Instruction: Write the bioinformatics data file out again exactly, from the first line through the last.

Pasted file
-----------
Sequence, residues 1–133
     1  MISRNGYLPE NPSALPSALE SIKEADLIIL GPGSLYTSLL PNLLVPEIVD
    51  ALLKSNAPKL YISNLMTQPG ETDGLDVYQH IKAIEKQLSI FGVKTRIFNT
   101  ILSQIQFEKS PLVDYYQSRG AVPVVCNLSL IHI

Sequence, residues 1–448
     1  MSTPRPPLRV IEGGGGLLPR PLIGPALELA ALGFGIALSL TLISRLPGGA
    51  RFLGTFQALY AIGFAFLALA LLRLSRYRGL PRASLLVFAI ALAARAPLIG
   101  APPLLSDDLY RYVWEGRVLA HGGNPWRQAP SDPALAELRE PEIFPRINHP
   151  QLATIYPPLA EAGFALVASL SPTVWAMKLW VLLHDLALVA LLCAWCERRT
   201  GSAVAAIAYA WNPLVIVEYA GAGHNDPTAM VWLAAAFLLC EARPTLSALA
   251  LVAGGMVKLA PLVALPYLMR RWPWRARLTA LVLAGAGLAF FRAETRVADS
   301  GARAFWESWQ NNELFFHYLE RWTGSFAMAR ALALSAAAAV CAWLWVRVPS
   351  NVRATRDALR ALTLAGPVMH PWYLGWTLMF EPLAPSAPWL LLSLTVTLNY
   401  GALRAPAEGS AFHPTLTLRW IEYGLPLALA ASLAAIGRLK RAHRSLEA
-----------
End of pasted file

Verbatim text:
Sequence, residues 1–133
     1  MISRNGYLPE NPSALPSALE SIKEADLIIL GPGSLYTSLL PNLLVPEIVD
    51  ALLKSNAPKL YISNLMTQPG ETDGLDVYQH IKAIEKQLSI FGVKTRIFNT
   101  ILSQIQFEKS PLVDYYQSRG AVPVVCNLSL IHI

Sequence, residues 1–448
     1  MSTPRPPLRV IEGGGGLLPR PLIGPALELA ALGFGIALSL TLISRLPGGA
    51  RFLGTFQALY AIGFAFLALA LLRLSRYRGL PRASLLVFAI ALAARAPLIG
   101  APPLLSDDLY RYVWEGRVLA HGGNPWRQAP SDPALAELRE PEIFPRINHP
   151  QLATIYPPLA EAGFALVASL SPTVWAMKLW VLLHDLALVA LLCAWCERRT
   201  GSAVAAIAYA WNPLVIVEYA GAGHNDPTAM VWLAAAFLLC EARPTLSALA
   251  LVAGGMVKLA PLVALPYLMR RWPWRARLTA LVLAGAGLAF FRAETRVADS
   301  GARAFWESWQ NNELFFHYLE RWTGSFAMAR ALALSAAAAV CAWLWVRVPS
   351  NVRATRDALR ALTLAGPVMH PWYLGWTLMF EPLAPSAPWL LLSLTVTLNY
   401  GALRAPAEGS AFHPTLTLRW IEYGLPLALA ASLAAIGRLK RAHRSLEA